By Juliano Oliveira
A 3D tactile model featuring future upgrades at Fairfield Station has allowed impaired-vision residents to assess the work done through Cross River Rail project.
The inclusive design made of braille contains explanations of the new elements that will compose parts of the station. Another six locations, from Fairfield to Salisbury, will also undergo accessibility revamps.
Braille House and its tactile model designed and created by Frank Tunley in the 1960s served as inspiration for CRR project.
Sally Balwin, Braille House General Manager, said the blindness and low vision members opinion in the Brisbane community is vital for major infrastructure projects.
“We’re pleased to have worked with Cross River Rail on the Fairfield Station concept design tactile model. Train stations can be a challenge for people using a cane or a guide dog to navigate, and it can impact their ability to access public transport,” said Ms Balwin.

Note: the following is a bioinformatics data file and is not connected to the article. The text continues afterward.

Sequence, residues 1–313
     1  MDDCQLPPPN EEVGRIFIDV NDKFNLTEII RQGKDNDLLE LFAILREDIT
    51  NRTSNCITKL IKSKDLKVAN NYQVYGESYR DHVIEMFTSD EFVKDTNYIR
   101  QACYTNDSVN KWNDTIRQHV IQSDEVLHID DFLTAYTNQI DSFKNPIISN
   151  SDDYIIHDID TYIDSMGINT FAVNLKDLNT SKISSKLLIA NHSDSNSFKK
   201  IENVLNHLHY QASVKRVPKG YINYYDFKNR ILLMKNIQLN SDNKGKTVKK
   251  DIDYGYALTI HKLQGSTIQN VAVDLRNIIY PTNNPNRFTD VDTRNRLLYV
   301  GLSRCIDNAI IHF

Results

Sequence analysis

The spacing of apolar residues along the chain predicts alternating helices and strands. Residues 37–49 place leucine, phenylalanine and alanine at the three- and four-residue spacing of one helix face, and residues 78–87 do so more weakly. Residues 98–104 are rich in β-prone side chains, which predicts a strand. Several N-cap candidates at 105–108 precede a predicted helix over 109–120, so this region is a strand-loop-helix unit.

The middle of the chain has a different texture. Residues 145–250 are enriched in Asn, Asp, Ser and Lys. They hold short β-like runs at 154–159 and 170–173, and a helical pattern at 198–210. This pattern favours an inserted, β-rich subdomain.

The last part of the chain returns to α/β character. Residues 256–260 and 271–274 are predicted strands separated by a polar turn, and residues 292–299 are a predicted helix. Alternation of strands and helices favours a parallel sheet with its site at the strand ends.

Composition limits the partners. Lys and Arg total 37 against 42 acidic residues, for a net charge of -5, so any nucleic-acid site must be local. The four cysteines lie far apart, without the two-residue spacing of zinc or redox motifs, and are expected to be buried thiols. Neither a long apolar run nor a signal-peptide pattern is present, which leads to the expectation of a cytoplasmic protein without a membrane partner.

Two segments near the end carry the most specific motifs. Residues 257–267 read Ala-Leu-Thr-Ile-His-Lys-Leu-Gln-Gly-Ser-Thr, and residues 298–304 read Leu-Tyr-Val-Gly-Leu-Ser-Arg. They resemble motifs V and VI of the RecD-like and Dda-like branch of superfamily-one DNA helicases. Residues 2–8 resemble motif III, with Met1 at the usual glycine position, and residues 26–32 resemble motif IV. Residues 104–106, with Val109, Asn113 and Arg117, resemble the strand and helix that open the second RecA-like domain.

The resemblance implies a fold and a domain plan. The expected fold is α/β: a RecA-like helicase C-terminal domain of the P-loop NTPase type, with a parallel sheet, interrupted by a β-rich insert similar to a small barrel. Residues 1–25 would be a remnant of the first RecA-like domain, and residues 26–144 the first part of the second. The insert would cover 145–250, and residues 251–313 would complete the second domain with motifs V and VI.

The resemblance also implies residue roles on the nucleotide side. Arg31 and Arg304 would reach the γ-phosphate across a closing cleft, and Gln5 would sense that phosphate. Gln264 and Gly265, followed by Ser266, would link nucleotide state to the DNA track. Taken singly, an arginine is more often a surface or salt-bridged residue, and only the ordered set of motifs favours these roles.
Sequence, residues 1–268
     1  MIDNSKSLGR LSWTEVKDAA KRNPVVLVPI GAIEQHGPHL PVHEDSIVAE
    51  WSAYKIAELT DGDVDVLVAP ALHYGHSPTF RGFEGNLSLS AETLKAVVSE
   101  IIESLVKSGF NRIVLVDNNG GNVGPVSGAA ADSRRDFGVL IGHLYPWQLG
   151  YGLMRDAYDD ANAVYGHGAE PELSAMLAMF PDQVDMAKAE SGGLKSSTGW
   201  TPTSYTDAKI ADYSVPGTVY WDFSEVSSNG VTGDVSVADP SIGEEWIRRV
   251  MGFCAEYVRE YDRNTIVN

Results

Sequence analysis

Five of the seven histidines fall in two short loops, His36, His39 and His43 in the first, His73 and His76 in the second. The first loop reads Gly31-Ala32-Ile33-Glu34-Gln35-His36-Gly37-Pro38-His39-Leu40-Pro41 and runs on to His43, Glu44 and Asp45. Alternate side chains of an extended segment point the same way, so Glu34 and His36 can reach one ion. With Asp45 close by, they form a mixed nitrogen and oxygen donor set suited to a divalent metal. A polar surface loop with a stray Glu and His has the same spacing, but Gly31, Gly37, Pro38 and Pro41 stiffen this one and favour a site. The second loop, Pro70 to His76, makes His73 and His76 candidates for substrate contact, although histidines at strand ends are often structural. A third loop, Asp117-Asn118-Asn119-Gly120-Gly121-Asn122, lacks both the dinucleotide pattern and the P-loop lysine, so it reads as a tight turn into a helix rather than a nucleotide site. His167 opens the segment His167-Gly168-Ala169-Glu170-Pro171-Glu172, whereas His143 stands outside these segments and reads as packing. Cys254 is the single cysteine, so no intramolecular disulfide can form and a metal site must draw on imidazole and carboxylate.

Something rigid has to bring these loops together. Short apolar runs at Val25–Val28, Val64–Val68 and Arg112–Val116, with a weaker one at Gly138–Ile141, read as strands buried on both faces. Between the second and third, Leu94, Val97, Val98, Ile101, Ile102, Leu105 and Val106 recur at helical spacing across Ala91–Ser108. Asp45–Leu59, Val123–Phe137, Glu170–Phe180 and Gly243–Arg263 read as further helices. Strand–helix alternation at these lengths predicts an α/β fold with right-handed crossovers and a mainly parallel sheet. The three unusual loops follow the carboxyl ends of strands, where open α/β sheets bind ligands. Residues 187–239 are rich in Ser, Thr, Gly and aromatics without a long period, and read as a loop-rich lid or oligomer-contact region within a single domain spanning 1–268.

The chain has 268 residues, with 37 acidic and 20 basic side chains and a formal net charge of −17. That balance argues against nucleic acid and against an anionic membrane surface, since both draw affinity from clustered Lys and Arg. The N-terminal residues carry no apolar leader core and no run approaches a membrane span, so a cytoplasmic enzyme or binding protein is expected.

Wendy Sara, Production Manager at Braille House, who assisted with the design of the model says that it will make people confident in navigating the upgraded Fairfield station once completed.
“As a blind person, it’s important to be included in the consultation and to be given the opportunity to explore by touch the changes to be made to the upgraded station,” said Ms Sara.
Mark Bailey, Minister for Transport and Main Roads, also share the project on his Facebook.
“Navigating train stations can be difficult for people with limited or no sight and developments such as this model will make public transport more accessible for more people.”
The 3D tactile model of the upgraded Fairfield station is available for members of vision-impaired organisations and community groups, invited by Braille House and Link Vision to experience the tactile model.